The Wintermute hack that rocked the crypto sector last week took the entire market by storm after malicious actors made away with about $160 million. While many theories have been postulated regarding the hack, a new theory suggests that it could be an inside job. According to the details of the hack, the bad actor was able to compromise the market maker after taking advantage of a bug in its system.
The hackers stole about $160 million from Wintermute
According to reports, the hacker carted away more than three different tokens in a hack that saw the platform lose about $160 million. USDC, Tether, and wBTC were a few of the tokens of immense value that the platform reported as stolen. In an analysis that was culled off medium, the author mentioned that due to the way Wintermute designed their smart contracts and the way the hack took place, all indications point to the fact that someone on the team carried it out.
The theory talked about the series of transactions that were carried out by addresses that were owned externally. Although the theory has been flying around since yesterday, the Wintermute team has refused to comment on the analysis put forward by the researcher.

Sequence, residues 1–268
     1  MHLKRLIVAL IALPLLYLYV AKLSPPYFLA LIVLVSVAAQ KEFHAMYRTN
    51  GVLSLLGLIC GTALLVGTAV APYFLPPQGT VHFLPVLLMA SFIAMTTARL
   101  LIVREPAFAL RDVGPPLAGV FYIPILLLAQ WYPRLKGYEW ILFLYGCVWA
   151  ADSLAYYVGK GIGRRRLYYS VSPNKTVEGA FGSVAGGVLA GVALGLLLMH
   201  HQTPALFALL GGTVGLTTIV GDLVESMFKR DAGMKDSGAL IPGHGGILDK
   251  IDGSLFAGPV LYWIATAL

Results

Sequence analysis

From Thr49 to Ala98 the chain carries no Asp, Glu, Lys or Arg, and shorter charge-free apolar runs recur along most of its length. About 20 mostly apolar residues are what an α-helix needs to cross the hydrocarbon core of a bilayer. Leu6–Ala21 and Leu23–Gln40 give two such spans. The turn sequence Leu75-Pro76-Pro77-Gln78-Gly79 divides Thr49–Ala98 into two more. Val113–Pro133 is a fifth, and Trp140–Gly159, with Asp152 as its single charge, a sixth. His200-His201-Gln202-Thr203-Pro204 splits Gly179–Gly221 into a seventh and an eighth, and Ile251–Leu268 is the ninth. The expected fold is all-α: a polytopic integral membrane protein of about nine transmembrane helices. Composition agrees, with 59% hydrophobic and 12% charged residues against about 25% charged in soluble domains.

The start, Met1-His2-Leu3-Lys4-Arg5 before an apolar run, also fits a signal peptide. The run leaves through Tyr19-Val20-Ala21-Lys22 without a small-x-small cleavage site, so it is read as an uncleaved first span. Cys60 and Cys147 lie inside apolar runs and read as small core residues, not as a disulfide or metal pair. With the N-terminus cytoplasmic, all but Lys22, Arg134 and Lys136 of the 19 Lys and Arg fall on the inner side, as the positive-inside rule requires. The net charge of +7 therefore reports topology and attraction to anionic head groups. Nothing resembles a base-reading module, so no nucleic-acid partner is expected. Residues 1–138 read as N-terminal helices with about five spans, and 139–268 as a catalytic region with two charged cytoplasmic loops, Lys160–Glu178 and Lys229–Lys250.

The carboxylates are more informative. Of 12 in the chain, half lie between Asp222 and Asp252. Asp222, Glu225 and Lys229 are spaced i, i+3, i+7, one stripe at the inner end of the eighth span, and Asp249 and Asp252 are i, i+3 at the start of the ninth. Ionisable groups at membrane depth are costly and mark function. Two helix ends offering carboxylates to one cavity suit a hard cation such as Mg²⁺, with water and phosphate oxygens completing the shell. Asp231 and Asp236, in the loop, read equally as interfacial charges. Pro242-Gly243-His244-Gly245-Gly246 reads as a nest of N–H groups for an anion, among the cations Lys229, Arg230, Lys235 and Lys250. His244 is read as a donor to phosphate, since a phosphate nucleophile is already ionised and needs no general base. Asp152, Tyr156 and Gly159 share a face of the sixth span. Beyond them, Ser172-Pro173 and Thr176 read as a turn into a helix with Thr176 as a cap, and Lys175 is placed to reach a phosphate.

Edwards claimed it was an inside job
In his theory, James Edwards, the author of the piece, noted that one look at the whole thing shows that the external addresses that made the call on the smart contracts on the platform were already compromised. He argued that this was due to the type of online vanity address generation tool the team used. The whole argument is based on the fact that when the hacker got the addresses’ private keys, he could make calls on the smart contracts with admin access. Edwards also generated a bit of transparency controversy for the team after claiming that they refused to publish the legit code they used in the smart contract.
If it was available, it would’ve helped in the theory about the work being from an internal source. Edwards also claimed that after examining the code, he discovered that the code did not look like what had been pointed out as causing the hack in the first place. He also claimed that the Wintermute team had sent $13 million into a smart contract that they were aware of its state of compromise. Although his story looks solid, it is yet to be backed by known figures in the market. However, it is safe to say that the murmurs across the last week show that it was an insider’s job.